We may not always realize it…but social media has become the center of our everyday lives. It may seem crazy, but the average person will spend nearly 5 years and 4 months of their lifetime on social media.  With every passing day, social media grows in numbers, and innovates our lives in some way. Gone are the days where we pick up the phone to call a business…we Facebook Message them. We don’t go to that new restaurant until we’ve taken a good look at their Instagram page; and don’t bother calling customer service to complain or express frustration…you can now tweet them.

While I love and embrace the power of Social Media (spoken like a true Social Media Strategist); I can’t help but cringe at basic common mistakes made daily on social media. Here I share my top Do’s & Don’ts of Personal Social Media Branding:

Maybe it’s because I’ve lived a life raised by powerful, headstrong, determined, beautiful women; or maybe it’s because I’ve sadly experienced how women should not be treated to know that being bold was never my choice. Being BOLD meant getting up each day and fighting to be my best, always being heard, and never letting anyone tell me that I couldn’t do something, wasn’t good enough, or wasn’t important – no matter the gender, race, or belief.

According to a statistic from the Bureau of Labor Statistics, 62.6 million people volunteered through or for an organization in 2015 (September 2014-September 2015).  This rate, while astounding, is declining from previous years. While this may not seem like something of great concern, Volunteering is an incredibly valuable resource to community organizations; specifically non-profits, that have limited funding or monetary resources to keep their organizations operating. The reason for decline? While this remains a mystery, many may say it could be attributed to laziness, lack of interest in community, or just plain ignorance to the importance of this valuable resource. So why give back? The obvious answer- that it helps the organization with resources it may not have, and that it gives back to better your community…but I bet that you didn’t think about how it can help you.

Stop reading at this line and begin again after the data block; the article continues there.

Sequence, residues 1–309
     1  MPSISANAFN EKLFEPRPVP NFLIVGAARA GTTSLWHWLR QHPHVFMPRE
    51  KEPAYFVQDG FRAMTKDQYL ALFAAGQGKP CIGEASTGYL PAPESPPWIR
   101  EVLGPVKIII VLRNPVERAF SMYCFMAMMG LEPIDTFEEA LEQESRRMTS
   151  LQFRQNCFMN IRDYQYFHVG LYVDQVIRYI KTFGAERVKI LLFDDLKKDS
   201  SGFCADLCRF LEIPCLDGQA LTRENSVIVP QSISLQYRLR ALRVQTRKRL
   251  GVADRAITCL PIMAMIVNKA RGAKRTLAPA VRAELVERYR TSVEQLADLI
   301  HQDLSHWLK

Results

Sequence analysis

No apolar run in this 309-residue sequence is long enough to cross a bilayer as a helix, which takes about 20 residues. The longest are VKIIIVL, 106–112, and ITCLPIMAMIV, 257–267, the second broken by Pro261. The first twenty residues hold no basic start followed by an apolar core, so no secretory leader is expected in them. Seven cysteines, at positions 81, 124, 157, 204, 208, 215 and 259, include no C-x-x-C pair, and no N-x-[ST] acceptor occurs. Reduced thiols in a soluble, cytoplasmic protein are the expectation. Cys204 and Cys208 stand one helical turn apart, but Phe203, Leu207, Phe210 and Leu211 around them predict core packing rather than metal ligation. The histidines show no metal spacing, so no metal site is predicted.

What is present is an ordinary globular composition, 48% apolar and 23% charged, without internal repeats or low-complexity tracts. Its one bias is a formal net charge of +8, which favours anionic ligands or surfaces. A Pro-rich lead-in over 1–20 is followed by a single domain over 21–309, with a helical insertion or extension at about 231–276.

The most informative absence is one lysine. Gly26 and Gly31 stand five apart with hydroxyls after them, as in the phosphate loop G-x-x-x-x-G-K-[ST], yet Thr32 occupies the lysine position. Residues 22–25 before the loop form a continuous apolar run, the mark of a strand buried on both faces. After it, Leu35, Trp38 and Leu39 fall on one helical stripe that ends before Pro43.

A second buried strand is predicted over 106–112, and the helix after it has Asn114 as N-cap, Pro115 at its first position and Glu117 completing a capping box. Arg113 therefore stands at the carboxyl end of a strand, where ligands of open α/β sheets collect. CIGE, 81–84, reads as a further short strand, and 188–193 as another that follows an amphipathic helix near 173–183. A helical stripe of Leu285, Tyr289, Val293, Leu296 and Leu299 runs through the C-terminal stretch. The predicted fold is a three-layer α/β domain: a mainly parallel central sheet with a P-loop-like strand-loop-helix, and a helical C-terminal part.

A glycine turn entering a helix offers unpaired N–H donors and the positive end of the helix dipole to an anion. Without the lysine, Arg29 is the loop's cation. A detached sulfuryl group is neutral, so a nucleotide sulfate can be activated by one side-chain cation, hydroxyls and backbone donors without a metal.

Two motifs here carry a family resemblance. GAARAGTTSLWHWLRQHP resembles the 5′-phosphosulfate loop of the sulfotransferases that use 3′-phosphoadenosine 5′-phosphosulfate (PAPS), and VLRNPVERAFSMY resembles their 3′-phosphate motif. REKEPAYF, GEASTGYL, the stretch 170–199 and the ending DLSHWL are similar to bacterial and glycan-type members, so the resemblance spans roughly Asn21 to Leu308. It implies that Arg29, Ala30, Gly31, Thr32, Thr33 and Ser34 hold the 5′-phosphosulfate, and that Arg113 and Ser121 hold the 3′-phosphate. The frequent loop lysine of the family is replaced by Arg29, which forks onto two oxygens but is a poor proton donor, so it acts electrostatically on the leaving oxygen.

Learn Something, Teach Someone

The thought of volunteering might leave you feeling hesitant; the perception that you’ll be doing something that you find less than enjoyable in your everyday life….never mind doing it as a means of giving back. Volunteering in your community doesn’t have to be something you don’t enjoy. Choose something that interests you, and make volunteering that much more exciting. Choose an organization you’re passionate about, and find a way that you can use your own skills and talents to apply them to an organization of your choice.

From my own personal experience working for a non-profit; Volunteering didn’t mean that being passionate about a particular topic (like animals) meant that you were committed to working with them, or cleaning up after them. If you liked talking to people…you were given a spot answering the phone; if you liked taking photos…we found a spot for you to use your talents in photography. Maybe the organization of your choice doesn’t list how you can help them doing something you love…but it can’t hurt to ask, right?

Take the opportunity to volunteer as a chance to teach someone something new…and bring a personal talent to the table! Learn something new from someone, and gain a new experience that you might never before have had the chance to do!

Make a Friend; Open New Doors!

Take advantage of the experience as an opportunity to meet new people, make a friend, or network with others within the organization. Volunteers are people from all walks of life, all types of organizations, and are composed of all sorts of community members. Maybe you’re new to the neighborhood; or maybe you’re looking for a job. Volunteering will open all sorts of doors and allow you to make an impression (good or bad) on the people surrounding you. Most importantly, keep an open mind…you never know who you’ll make a connection with.